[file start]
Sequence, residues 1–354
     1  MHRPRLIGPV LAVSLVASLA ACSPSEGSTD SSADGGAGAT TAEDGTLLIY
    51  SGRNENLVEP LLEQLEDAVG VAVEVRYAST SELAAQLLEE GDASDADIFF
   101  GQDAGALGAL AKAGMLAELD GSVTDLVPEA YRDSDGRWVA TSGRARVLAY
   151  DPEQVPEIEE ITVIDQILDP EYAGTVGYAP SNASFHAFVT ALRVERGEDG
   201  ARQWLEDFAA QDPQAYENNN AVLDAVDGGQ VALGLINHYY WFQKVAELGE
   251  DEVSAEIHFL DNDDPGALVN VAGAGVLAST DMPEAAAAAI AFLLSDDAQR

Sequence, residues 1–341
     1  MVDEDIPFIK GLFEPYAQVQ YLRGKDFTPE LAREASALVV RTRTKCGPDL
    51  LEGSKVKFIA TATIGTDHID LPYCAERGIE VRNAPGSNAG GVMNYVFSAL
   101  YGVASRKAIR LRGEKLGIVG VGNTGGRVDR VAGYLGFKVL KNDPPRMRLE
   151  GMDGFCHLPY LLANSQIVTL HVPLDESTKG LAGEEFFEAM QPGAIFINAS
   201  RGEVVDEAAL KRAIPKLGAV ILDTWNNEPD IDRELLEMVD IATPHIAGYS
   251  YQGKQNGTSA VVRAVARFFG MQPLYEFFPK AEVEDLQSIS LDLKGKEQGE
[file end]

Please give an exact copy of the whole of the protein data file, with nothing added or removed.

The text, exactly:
Sequence, residues 1–354
     1  MHRPRLIGPV LAVSLVASLA ACSPSEGSTD SSADGGAGAT TAEDGTLLIY
    51  SGRNENLVEP LLEQLEDAVG VAVEVRYAST SELAAQLLEE GDASDADIFF
   101  GQDAGALGAL AKAGMLAELD GSVTDLVPEA YRDSDGRWVA TSGRARVLAY
   151  DPEQVPEIEE ITVIDQILDP EYAGTVGYAP SNASFHAFVT ALRVERGEDG
   201  ARQWLEDFAA QDPQAYENNN AVLDAVDGGQ VALGLINHYY WFQKVAELGE
   251  DEVSAEIHFL DNDDPGALVN VAGAGVLAST DMPEAAAAAI AFLLSDDAQR

Sequence, residues 1–341
     1  MVDEDIPFIK GLFEPYAQVQ YLRGKDFTPE LAREASALVV RTRTKCGPDL
    51  LEGSKVKFIA TATIGTDHID LPYCAERGIE VRNAPGSNAG GVMNYVFSAL
   101  YGVASRKAIR LRGEKLGIVG VGNTGGRVDR VAGYLGFKVL KNDPPRMRLE
   151  GMDGFCHLPY LLANSQIVTL HVPLDESTKG LAGEEFFEAM QPGAIFINAS
   201  RGEVVDEAAL KRAIPKLGAV ILDTWNNEPD IDRELLEMVD IATPHIAGYS
   251  YQGKQNGTSA VVRAVARFFG MQPLYEFFPK AEVEDLQSIS LDLKGKEQGE